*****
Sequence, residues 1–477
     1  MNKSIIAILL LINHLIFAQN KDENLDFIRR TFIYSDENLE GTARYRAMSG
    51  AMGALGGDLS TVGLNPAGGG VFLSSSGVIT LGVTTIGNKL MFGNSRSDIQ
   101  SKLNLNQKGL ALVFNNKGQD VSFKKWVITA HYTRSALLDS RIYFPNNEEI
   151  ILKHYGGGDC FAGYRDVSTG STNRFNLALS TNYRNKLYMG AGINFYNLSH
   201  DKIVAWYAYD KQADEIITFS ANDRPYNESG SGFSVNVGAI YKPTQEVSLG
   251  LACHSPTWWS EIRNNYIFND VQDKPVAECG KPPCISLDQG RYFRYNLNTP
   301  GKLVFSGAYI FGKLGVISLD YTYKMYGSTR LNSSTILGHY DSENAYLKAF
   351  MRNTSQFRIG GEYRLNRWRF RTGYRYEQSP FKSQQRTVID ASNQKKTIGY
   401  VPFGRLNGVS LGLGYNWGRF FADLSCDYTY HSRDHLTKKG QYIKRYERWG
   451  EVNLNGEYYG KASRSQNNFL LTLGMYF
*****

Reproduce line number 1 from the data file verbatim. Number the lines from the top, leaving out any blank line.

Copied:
Sequence, residues 1–477